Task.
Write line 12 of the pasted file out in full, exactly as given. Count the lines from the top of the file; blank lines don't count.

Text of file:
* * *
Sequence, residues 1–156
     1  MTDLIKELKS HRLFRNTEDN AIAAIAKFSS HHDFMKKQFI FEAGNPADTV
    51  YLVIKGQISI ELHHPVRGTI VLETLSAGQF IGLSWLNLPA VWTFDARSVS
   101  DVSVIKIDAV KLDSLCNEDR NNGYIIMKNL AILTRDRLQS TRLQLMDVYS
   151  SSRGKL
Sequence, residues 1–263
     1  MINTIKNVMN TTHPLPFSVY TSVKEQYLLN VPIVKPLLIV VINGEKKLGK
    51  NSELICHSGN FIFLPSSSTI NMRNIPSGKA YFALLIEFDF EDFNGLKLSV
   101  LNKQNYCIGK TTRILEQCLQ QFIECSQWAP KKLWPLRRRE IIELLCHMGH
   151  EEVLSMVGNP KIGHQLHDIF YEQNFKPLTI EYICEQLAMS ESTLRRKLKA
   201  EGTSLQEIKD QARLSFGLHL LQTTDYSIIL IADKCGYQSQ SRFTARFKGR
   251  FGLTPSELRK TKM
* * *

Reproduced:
   251  FGLTPSELRK TKM